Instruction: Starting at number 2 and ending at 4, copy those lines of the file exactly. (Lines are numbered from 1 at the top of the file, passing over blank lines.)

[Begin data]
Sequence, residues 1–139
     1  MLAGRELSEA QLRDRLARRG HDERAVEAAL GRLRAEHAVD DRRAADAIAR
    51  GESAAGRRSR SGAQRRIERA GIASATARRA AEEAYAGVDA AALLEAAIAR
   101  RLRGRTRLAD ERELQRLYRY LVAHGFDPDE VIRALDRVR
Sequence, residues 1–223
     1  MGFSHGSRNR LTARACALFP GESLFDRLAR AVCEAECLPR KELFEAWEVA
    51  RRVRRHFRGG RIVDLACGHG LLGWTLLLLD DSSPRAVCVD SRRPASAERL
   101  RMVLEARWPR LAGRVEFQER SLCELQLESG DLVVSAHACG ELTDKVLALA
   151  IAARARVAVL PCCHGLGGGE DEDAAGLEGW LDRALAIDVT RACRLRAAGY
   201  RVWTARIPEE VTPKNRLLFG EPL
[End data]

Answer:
     1  MLAGRELSEA QLRDRLARRG HDERAVEAAL GRLRAEHAVD DRRAADAIAR
    51  GESAAGRRSR SGAQRRIERA GIASATARRA AEEAYAGVDA AALLEAAIAR
   101  RLRGRTRLAD ERELQRLYRY LVAHGFDPDE VIRALDRVR